The tiny Scioto madtom, once a resident of Big Darby Creek but unseen since 1957, has been officially declared extinct. This unfortunate declaration comes from the U.S. Fish and Wildlife Service, which removed the Scioto madtom, along with 20 other species nationwide, from its endangered list due to extinction.
The journey to this declaration began when the agency first listed the Scioto madtom as endangered back in 1975. In September 2021, they proposed delisting the species, but it wasn’t until October of this year that the final pronouncement was made, effectively marking the Scioto madtom as extinct.
“It hasn’t been seen for over 60 years,” stated Anthony Sasson, a research associate at the Midwest Biodiversity Institute in Hilliard and a member of the Darby Creek Association.
The Scioto madtom, once a unique inhabitant of the Big Darby Creek, measured a mere 2.4 inches in length and was exclusive to this national and state scenic river. From 1943 to 1945, only four of these tiny fish were spotted, and they were all confined to a 500-foot stretch of the Darby. Then, in 1957, 14 Scioto madtoms were recorded.
But since that time, not a single one has been sighted.
Nate Shoobs, curator of mollusks, crustaceans, and general invertebrates at Ohio State University’s Museum of Biological Diversity, emphasized that although the Scioto madtom was observed only a few times, its extinction is still a cause for concern.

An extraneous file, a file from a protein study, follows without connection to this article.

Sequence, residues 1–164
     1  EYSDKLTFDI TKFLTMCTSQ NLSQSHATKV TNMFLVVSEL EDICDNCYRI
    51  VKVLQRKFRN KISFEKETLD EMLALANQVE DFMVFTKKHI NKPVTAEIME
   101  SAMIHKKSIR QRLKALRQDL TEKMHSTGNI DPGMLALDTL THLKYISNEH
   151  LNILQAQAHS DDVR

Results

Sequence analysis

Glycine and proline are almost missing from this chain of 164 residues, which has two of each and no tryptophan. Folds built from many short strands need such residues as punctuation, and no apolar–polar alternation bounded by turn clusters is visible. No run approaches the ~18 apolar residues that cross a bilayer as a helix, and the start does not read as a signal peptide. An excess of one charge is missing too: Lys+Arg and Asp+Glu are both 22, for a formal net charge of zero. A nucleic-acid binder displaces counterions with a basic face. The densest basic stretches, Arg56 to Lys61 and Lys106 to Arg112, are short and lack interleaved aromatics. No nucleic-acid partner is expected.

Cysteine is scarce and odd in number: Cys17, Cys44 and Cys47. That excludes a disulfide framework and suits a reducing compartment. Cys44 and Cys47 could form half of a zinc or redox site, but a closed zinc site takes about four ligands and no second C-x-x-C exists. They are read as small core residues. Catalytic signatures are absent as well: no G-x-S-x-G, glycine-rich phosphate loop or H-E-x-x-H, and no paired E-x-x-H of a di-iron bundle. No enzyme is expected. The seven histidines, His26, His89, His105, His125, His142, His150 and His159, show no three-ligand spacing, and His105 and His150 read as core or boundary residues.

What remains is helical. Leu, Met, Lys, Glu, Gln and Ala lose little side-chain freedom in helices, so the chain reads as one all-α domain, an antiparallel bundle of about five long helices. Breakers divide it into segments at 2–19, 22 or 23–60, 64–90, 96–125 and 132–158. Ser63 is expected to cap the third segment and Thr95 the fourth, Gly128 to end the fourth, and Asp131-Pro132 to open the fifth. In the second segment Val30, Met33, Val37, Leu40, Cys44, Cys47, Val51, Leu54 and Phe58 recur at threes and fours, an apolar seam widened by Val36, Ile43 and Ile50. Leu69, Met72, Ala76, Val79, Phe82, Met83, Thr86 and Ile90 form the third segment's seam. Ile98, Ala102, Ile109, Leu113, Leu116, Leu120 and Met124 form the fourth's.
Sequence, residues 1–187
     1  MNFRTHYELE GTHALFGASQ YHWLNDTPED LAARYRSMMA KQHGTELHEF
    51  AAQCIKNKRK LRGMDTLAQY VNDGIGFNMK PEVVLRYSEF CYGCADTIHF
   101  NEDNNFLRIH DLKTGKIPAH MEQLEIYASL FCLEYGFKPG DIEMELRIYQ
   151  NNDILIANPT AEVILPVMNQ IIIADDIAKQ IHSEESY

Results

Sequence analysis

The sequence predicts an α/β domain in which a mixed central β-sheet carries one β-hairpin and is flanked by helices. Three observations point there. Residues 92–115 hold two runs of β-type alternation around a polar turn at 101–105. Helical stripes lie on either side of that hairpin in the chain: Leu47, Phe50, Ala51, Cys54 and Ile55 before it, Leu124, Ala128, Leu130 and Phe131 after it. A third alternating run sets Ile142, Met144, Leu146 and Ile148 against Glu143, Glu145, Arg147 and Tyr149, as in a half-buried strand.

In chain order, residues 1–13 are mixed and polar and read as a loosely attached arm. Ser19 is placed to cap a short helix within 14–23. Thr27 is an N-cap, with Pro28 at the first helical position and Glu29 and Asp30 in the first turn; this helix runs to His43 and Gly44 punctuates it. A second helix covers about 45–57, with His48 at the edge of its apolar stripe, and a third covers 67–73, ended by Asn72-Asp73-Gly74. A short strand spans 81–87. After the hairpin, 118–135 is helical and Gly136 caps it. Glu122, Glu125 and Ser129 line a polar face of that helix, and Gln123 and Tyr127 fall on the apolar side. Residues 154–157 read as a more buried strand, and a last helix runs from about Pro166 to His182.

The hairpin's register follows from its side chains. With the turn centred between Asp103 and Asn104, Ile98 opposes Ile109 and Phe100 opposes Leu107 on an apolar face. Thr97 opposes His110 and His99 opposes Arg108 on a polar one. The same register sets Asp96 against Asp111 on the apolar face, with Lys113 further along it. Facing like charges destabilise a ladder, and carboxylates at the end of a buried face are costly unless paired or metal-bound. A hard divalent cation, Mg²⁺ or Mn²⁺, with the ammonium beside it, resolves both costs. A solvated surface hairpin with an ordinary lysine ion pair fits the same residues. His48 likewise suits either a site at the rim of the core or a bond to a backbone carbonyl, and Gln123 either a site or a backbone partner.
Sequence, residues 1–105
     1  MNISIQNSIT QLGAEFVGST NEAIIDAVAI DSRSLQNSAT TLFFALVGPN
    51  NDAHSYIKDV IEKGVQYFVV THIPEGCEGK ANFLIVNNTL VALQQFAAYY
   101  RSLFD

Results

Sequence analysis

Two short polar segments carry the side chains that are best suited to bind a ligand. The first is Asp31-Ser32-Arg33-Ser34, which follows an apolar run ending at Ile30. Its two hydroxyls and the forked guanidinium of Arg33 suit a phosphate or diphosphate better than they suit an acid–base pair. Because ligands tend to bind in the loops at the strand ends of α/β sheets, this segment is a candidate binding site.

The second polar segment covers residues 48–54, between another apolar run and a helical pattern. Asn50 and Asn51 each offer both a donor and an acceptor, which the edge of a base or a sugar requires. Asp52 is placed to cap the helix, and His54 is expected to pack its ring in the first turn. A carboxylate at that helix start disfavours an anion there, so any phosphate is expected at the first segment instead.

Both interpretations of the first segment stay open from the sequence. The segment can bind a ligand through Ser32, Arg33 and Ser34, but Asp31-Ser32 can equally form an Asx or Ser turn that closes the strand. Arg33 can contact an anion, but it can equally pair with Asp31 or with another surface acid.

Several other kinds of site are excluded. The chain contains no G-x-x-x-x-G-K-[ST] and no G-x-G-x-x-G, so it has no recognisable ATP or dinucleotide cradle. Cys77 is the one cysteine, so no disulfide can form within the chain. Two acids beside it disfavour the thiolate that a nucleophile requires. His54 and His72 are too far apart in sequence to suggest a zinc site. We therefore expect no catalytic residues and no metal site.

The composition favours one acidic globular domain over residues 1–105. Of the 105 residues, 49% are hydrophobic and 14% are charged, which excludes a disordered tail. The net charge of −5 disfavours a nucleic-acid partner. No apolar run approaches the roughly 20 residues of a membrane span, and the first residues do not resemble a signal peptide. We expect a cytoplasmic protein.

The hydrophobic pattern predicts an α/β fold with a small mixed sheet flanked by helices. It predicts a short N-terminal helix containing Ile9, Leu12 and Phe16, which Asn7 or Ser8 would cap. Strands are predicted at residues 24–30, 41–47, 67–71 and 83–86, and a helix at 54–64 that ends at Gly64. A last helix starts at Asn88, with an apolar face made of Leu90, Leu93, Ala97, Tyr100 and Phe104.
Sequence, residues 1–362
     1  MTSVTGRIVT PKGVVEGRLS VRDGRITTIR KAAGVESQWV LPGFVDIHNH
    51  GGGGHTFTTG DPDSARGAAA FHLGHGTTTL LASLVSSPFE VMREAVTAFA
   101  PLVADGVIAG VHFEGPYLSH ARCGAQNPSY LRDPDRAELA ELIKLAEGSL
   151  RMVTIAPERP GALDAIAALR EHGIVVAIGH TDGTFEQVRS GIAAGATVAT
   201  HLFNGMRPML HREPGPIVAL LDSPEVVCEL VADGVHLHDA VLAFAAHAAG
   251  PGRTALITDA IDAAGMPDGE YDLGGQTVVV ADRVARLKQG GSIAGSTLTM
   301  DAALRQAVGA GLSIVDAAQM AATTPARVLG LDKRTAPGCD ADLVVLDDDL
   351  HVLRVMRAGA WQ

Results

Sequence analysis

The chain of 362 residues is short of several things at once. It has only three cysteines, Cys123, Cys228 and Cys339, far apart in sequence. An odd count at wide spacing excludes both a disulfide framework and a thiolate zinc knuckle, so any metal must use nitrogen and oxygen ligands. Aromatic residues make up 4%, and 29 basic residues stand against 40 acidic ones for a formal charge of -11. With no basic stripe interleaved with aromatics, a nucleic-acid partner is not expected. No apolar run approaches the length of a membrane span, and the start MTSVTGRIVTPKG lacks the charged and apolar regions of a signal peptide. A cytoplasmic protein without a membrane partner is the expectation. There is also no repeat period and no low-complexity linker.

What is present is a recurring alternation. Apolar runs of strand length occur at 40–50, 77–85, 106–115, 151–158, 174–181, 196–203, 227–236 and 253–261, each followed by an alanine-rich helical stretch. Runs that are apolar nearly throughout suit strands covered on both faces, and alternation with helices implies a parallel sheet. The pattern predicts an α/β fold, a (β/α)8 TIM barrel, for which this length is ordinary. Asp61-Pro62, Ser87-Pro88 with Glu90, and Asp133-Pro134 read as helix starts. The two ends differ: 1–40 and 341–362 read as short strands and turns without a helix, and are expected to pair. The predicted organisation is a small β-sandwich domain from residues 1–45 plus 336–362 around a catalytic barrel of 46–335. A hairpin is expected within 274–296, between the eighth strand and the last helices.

Shoobs explained, “I think that declaring a species extinct should evoke reflection. It should wake people up to the fact that extinction is not something that happened in the distant past.”
Marc Kibbey, assistant curator for fish at the biological diversity museum, further underscored the importance of this declaration. He noted that even as water quality in Big Darby Creek improved during the 1970s, thanks to new federal and state regulations and protections, the extinction of the Scioto madtom serves as a reminder of the ongoing need to safeguard our water resources.
Kibbey expressed, “I would say it is a cautionary tale that if we allow something else to impact the waters, we could have more problems.”
The extinction of the Scioto madtom coincides with efforts by the Ohio Environmental Protection Agency to establish stronger protections for the Big Darby Creek watershed, especially as development pressures mount in Madison and Union counties.
In June, the Ohio EPA announced plans to extend protections to the creek in Plain City and Madison County, mirroring those in Franklin County. In the latter, the 2006 Big Darby Accord has provided a blueprint for safeguarding the watershed within the county.
Sasson pointed out that seven species of mussels in the Big Darby are currently on the federal endangered list, indicating the significance of these ongoing development-related challenges.